[anzac] JOHN WESLEY - REVIVALIST!! - by David Smithers

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From: "REVIVAL List" <prophetic@...>
Date: Thu, 20 Jun 2013 23:00:31 +1200
JOHN WESLEY - Revivalist!
by David Smithers    

On March 9th, 1791, when John Wesley was carried to his grave, 
he left behind him a good library of books, a well-worn clergyman's 
gown, and a much abused reputation. But also, an England moved 
to the very depths and a Church thrilled through and through with 
an awakened spiritual life. John Wesley was a man who truly 
possessed both apostolic vision and gifts, but most importantly 
he was a man who lived in view of eternity. "Consumed by the 
thought of the shortness of time, the great work to be done, and 
the need for haste in doing it, on he marched, preaching, pleading, 
warning and guiding . . ." 

John Wesley was a man mighty in faith and prayer. Time and 
again people possessed with devils were brought to him and in 
answer to prayer the demons were cast out. Not only were evil 
spirits cast out, but the sick were healed as well. As Wesley 
preached, the power of God often came upon his listeners, and 
hundreds would fall under the power of the Holy Spirit. Then, in 
answer, to prayer their souls and bodies were healed. A physician 
became offended at the cries of many who fell under the power of 
God. He attended Wesley's meeting and a lady he knew fell under 
the power. "Great drops of sweat ran down her face, and all her 
bones shook. But when both her soul and body were healed in a 
moment he acknowledged the finger of God." On another occasion 
when Wesley was traveling the preaching circuit, his horse 
suddenly became lame. With no one near to offer help, he stopped 
and prayed. "Immediately the horse's lameness was gone." 

Wesley pleaded with men to repent and by faith make peace with 
God or suffer in an everlasting hell. People who had entertained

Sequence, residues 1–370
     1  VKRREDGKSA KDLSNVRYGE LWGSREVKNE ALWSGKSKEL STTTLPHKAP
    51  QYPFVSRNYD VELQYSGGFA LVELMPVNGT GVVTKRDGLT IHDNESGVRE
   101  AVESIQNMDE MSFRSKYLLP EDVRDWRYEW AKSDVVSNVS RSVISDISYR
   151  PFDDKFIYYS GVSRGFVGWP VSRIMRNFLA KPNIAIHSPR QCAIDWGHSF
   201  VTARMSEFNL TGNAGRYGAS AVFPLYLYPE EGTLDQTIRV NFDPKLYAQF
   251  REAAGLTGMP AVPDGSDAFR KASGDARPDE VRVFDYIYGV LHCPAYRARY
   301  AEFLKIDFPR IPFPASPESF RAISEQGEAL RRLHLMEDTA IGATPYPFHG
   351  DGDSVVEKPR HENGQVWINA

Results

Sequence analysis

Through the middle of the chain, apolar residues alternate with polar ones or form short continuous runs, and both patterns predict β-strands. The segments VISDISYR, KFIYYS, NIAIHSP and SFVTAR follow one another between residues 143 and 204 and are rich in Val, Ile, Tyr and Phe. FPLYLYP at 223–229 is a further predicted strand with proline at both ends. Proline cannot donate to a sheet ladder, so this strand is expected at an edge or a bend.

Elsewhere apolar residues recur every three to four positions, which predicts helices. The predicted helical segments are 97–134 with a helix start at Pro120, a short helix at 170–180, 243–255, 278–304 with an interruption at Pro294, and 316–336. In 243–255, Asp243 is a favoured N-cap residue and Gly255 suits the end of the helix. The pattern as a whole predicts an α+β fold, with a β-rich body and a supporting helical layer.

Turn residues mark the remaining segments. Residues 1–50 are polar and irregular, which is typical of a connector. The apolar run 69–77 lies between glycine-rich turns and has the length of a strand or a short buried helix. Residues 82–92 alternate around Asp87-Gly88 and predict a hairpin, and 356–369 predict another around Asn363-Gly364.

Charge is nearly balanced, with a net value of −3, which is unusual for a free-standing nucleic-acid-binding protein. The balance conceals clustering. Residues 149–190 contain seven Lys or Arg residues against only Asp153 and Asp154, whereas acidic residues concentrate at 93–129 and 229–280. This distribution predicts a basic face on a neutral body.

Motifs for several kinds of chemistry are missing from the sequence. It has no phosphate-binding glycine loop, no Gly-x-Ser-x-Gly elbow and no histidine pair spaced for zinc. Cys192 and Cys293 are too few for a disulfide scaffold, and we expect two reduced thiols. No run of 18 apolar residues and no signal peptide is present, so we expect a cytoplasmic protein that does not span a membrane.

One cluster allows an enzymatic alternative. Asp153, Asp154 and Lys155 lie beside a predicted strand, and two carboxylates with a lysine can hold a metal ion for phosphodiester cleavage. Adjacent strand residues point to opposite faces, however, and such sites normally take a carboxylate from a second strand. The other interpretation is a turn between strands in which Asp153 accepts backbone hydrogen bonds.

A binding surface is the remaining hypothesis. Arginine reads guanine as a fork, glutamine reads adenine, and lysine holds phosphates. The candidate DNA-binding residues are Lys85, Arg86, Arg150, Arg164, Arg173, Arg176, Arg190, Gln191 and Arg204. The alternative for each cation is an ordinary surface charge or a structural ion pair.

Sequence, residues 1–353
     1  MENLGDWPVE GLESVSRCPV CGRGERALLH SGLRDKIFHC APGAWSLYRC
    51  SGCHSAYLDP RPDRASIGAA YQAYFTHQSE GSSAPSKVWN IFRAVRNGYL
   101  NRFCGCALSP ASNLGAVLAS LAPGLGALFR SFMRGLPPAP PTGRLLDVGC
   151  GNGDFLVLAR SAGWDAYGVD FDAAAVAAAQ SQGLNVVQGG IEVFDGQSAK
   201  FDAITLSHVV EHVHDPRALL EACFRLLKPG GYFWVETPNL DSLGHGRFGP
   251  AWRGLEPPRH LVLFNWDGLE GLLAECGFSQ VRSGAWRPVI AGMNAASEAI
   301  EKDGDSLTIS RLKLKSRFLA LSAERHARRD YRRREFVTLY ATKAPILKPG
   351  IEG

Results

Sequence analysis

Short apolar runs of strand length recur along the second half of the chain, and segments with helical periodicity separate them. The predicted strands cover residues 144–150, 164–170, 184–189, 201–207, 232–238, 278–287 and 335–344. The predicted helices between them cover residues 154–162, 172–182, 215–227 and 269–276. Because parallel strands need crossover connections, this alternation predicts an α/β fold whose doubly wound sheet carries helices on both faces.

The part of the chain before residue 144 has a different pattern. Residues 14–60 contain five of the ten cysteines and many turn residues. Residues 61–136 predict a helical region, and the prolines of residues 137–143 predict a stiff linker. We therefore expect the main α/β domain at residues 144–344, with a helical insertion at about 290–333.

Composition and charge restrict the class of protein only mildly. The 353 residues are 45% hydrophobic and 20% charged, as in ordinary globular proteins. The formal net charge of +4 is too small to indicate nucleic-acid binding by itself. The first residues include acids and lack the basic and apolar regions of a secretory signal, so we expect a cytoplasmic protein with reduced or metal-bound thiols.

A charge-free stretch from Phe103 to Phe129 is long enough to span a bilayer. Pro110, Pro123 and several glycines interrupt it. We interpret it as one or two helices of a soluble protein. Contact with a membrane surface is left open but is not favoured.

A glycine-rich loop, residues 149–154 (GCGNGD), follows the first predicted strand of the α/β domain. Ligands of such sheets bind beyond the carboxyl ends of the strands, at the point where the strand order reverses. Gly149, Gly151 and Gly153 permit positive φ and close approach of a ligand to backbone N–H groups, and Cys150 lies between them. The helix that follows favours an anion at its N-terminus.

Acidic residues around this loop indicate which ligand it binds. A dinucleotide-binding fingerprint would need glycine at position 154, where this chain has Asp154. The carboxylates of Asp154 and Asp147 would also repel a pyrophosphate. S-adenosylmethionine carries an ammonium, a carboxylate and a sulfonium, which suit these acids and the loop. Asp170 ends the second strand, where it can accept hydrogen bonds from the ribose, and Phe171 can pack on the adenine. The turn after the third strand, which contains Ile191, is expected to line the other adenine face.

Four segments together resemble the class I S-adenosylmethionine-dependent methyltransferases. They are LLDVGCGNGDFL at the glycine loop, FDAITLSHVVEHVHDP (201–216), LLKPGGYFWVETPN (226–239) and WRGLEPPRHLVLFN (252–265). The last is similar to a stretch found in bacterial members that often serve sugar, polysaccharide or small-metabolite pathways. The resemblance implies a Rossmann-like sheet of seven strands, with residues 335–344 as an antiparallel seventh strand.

false hopes of salvation had their religious masks torn away by his 
plain preaching. Wesley believed that those who failed to warn the 
sinner and backslider, themselves stood under the judgement of 
Christ. He was determined to declare the whole counsel of God, 
offering the love of God in Christ and giving warning of the dreadful
consequences of rejecting the gospel. Wesley wrote, "Before I 
can preach love and grace, I must preach sin, law and judgement." 

John Wesley, as well as the other early Methodist preachers, was 
both a bold advocate and a living example of sanctification. Wesley 
preached with unceasing zeal that complete holiness was the 
primary fruit of a vibrant faith in Christ. Counseling another minister, 
Wesley wrote, ". . .till you press believers to expect full salvation 
from sin, you must not look for any revival." 

If John Wesley were to make an anonymous visit to the Methodists 
of today, it is doubtful whether many of it's churches would welcome 
him. They would most likely resent his fervent zeal and enthusiasm. 
When he was eighty-three he made a note that he was regretful 
that he could not write more than fifteen hours a day without hurting 
his eyes. Wesley faithfully preached almost up to the very day he 
died. Truly his vigor and zeal in old age were the reward of his 
faithful stewardship of time. He seemed to consider every thought, 
word and deed in light of eternity. 

"Amid all his arduous labors, his innumerable engagements, his 
coming and going, Wesley lived a hidden life of intimacy with God. 
When worn out with overwork he often found new strength in answer 
to prayer." It was Wesley's strict habit to daily spend one hour in 
prayer in the morning, and then another hour in the evening. John 
Wesley shook the world by his preaching because he first shook 
heaven and hell with his praying. His preaching had a sense of 
eternal urgency because he had touched eternity on his knees.